Since 1983, April has been recognized as Child Abuse Prevention Month. During this time, the nation comes together to ensure that every child can be successful. All children deserve to grow up in a safe, stable, and nurturing environment that is free from abuse and neglect. A child’s long-term development is affected when he or she is a victim of abuse or neglect. The Centers for Disease Control and Prevention estimates that one in four children have experienced some form of abuse or neglect in the last year. The Child Abuse Prevention and Treatment Act defines child abuse and neglect as; “at minimum, any recent act or failure to act on the part of a parent or caretaker which results in death, serious physical or emotional harm, or sexual abuse or exploitation of a child.”
Child abuse does not discriminate and can happen under any circumstance. It doesn’t matter what a person’s race is, where they live, or what their occupation is. Centers for Disease Control and Prevention research has shown certain risk factors that could determine the likelihood that a child will become a victim of abuse or neglect. These factors include; Victimization – child with special needs; Perpetrator – parents who were abused as a child; Family – violent or dysfunctional family bonds; or Community – high poverty or crime rates. Child abuse can have physical, psychological and behavioral effects on a child. Some may have trouble forming intimate relationships as an adult. When a child has prolonged exposure to stressful situations, it can impact a child’s brain, body, hormones and immune system. Children will also have an increased risk of developing a mental disorder including depression, anxiety, eating disorders, or attempt suicide. A child’s behavior could also be affected. He or she may become a smoker, abuse alcohol or drugs, become a teen parent, experience juvenile arrest or low academic achievement.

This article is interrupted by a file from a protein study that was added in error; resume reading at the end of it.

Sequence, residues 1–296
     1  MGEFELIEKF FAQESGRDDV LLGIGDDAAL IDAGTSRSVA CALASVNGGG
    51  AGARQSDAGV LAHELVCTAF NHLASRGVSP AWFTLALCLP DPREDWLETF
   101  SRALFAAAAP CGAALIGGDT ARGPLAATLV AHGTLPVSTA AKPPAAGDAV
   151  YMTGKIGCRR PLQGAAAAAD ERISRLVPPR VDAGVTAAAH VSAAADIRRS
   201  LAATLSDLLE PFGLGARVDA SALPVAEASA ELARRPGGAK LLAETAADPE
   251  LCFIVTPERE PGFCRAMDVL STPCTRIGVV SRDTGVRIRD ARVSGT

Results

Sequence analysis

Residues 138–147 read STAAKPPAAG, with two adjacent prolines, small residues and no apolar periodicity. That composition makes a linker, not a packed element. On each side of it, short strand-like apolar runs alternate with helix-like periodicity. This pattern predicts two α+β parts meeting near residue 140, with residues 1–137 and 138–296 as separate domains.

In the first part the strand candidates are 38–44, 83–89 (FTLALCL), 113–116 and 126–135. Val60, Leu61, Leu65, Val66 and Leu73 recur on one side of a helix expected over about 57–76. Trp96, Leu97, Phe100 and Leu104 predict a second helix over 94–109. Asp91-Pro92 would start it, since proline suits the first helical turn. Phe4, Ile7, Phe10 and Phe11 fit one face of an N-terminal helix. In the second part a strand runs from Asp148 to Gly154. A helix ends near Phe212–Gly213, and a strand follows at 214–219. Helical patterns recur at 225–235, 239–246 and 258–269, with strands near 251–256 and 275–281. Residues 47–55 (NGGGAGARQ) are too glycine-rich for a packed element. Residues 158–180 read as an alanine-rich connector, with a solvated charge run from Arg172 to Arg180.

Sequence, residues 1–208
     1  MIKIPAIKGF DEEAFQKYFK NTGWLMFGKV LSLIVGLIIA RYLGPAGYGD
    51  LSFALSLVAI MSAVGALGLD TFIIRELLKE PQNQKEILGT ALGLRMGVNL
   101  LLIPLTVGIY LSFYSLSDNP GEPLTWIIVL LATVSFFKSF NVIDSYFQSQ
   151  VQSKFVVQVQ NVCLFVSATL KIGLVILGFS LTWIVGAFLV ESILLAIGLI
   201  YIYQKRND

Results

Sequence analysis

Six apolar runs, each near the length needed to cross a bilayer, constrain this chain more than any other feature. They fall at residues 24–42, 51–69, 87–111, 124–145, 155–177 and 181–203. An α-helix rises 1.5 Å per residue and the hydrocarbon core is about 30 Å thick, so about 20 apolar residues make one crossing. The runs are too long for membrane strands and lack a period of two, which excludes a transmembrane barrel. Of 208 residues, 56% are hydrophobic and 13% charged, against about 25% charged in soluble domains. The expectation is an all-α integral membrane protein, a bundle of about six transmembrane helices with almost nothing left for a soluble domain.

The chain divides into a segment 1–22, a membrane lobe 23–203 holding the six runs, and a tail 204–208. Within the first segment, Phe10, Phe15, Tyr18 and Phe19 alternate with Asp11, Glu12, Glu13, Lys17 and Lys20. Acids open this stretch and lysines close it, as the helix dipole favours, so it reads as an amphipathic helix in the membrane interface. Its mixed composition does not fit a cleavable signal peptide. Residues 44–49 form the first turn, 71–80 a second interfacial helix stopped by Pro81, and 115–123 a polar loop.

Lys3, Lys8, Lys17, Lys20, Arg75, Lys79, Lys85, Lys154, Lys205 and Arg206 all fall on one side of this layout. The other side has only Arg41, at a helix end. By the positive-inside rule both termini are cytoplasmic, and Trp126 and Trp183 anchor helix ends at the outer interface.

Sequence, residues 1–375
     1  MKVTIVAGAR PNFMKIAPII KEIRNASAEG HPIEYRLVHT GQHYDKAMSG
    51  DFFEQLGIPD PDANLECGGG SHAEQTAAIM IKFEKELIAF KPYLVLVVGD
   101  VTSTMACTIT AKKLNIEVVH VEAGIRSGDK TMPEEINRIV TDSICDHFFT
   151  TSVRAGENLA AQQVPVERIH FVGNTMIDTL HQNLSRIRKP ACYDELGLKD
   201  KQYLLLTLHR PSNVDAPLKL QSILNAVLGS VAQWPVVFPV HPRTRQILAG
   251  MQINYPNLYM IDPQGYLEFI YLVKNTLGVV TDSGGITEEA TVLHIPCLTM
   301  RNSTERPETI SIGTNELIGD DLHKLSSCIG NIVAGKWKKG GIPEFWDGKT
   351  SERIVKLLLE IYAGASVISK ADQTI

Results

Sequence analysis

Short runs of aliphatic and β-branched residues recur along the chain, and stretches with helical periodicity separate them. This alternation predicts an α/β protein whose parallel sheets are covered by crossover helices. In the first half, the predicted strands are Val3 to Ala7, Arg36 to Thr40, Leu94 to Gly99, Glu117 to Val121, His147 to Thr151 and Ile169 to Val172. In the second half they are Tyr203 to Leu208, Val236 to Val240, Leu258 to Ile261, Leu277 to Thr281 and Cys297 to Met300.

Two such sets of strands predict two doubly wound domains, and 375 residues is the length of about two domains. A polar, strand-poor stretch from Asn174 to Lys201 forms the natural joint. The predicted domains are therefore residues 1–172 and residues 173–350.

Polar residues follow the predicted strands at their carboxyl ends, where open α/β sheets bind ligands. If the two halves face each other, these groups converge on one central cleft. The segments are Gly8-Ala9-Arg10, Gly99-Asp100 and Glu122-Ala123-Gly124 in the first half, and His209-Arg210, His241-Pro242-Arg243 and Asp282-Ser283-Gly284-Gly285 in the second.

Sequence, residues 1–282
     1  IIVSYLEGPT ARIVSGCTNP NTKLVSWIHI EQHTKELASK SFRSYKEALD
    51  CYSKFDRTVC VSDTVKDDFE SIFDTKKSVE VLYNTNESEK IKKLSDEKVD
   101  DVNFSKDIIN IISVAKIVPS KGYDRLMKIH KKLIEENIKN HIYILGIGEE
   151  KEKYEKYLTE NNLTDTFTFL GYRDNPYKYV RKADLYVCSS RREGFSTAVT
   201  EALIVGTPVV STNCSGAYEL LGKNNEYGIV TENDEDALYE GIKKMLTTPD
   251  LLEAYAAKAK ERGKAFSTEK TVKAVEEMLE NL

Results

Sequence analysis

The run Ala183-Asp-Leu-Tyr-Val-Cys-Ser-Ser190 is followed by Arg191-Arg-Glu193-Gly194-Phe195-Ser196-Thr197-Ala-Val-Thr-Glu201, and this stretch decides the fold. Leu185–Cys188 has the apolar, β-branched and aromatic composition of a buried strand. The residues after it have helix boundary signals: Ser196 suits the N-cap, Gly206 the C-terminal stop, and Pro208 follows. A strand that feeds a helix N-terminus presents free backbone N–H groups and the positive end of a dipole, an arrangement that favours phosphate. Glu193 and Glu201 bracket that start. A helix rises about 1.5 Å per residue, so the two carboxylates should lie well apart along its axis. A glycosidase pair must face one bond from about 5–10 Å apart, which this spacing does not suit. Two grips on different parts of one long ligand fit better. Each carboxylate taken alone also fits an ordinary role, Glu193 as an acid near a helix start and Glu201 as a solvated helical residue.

Child abuse prevention requires individual, family and community level supporters. Together we can make a difference. Community resources are available to families which include counseling, positive parenting workshops, and prevention programs at school, hospitals, churches, etc. Parents need to make it a priority to work on their mental health and educate themselves more on child development. Once parents gain insight and learn how to effectively deal with their own issues, they will better understand their child’s behavior and react in a healthy and positive manner. Are you or someone you know a victim of child abuse? TCP Marriage & Family Services is here to help. For more information on our services, please call our office at (210) 516-2607 or visit our website at: